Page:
The Times’ Oliver Wright reports that Amazon will not be affected by the new digital services tax, with small traders who use its online marketplace set to bear the brunt. The paper reveals that the tech giant will not have to pay the levy on goods it sells itself, with the 2% charge only applying to revenues it receives from third-party sellers that pay to use its marketplace platform. Amazon says it will pass on this cost in higher fees. Andrew Goodacre, chief executive of the British Independent Retailers Association, has criticised the levy, saying: “All it has done is resulted in small sellers paying more and making less while Amazon gains further competitive advantage.” A Times editorial also takes aim at the digital services tax, saying that while it is a “well-intentioned attempt to level the playing field”, it is “hitting precisely the wrong target”.

The Times, Page: 1 The Times, Page: 29


Unemployment hits three year high

The UK unemployment rate has risen to its highest level in over three years, climbing to 4.5% in the three months to August, compared with 4.1% in the previous quarter. Figures from the Office for National Statistics (ONS) also show that redundancies have hit their highest level since 2009. The data show that an estimated 1.5m people were unemployed between June and August, with the number of people made redundant hitting 227,000 – an increase of 114,000. Overall employment has fallen by 480,000 since the start of the year, with 16- to 24-year-olds accounting for 60% of the decline. Meanwhile, HMRC data show that the number of staff on company payrolls rose by 20,000 in September.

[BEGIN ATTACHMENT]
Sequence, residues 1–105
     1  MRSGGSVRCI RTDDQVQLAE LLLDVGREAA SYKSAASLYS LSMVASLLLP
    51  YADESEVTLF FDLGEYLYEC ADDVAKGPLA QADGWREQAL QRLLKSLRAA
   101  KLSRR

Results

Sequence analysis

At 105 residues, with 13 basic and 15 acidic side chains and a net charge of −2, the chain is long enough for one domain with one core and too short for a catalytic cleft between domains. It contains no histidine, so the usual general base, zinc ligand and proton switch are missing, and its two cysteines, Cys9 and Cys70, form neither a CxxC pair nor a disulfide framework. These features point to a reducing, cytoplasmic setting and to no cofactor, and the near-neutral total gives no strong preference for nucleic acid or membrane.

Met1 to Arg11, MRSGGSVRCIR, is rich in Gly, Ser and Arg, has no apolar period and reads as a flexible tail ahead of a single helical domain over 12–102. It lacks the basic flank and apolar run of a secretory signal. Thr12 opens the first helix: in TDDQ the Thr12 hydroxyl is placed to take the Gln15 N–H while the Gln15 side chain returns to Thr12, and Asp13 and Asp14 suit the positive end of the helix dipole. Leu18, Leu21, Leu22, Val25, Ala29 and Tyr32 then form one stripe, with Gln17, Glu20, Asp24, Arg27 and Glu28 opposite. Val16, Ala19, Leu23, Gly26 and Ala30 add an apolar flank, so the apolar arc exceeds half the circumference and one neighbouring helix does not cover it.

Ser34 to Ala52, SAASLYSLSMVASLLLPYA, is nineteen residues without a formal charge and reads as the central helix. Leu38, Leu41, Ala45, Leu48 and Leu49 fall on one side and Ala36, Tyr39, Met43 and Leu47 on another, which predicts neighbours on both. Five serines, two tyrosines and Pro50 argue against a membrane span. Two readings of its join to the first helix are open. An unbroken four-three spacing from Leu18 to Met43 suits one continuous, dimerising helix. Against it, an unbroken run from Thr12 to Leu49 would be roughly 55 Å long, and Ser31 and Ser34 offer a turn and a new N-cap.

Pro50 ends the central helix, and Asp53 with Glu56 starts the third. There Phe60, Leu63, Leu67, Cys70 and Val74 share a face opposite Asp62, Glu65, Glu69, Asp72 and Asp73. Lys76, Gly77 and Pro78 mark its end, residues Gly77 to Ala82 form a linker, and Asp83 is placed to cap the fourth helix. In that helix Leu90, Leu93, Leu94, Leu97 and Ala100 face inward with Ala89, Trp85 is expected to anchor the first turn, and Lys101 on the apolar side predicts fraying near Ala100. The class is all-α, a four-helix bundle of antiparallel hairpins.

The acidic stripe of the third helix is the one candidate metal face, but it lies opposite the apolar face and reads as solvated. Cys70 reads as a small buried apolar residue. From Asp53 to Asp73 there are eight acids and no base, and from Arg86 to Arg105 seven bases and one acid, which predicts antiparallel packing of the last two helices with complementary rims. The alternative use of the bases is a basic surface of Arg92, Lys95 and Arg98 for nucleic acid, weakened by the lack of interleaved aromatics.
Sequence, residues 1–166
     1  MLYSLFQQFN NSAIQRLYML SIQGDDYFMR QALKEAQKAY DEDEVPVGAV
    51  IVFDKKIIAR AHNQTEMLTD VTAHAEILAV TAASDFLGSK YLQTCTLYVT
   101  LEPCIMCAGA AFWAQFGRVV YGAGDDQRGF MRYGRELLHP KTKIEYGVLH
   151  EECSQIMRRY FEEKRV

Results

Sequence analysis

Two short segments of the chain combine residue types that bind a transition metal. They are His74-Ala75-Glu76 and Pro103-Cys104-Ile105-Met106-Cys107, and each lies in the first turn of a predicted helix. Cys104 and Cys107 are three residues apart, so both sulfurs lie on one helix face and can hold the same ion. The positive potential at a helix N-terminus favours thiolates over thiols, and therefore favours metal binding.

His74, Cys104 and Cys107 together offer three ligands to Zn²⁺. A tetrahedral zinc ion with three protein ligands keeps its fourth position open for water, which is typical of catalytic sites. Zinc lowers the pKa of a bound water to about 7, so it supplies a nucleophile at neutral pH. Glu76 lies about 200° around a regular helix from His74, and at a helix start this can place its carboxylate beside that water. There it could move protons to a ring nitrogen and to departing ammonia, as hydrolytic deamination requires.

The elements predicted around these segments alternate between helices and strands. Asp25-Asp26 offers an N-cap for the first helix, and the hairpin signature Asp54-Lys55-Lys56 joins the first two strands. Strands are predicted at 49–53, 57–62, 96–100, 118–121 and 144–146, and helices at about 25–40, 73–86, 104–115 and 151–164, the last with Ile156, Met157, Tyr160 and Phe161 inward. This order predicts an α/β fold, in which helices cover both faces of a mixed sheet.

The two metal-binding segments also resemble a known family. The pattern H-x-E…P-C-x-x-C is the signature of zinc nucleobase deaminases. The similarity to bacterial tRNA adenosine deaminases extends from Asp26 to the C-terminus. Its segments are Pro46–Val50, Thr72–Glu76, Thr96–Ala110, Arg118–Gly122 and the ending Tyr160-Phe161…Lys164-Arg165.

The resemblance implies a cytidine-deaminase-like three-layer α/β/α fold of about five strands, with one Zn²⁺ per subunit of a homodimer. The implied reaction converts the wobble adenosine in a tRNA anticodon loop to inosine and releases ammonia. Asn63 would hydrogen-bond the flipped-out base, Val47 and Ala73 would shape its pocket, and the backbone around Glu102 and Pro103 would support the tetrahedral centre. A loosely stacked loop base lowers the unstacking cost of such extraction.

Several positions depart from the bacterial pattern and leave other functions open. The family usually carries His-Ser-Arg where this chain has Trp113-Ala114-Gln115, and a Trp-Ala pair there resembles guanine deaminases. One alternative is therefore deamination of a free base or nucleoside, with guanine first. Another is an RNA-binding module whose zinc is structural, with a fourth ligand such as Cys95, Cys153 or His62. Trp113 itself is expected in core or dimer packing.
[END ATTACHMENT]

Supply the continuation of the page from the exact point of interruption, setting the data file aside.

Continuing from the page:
The Guardian, Page: 1 The Daily Telegraph, Business, Page: 1 Financial Times, Page: 3 The Independent, Page: 41 BBC News Sky News


Firms urged to declare furlough errors

Companies have just one week left to disclose incorrect claims made to the Government’s furlough scheme, with HMRC having given employers an amnesty to come forward with errors before saying it will start “gloves off” investigations. Ministers last month said that up to £3.5bn of support through the jobs retention initiative may have been claimed fraudulently or paid out in error. BDO’s Richard Morley comments: “Given that HMRC has clearly started to actively follow up on tip-offs and potentially incorrect claims, including recent arrests, businesses and individuals should start reviewing their furlough claims now.”

The Times, Page: 38

Hostelry forced into liquidation

The General Tarleton restaurant and pub in Ferrensby has gone into liquidation, with liquidators from Begbies Traynor saying the closure was an “unfortunate cost” of measures designed to control the spread of coronavirus.

Yorkshire Post, Page: 5


BDO leads on listed firm audits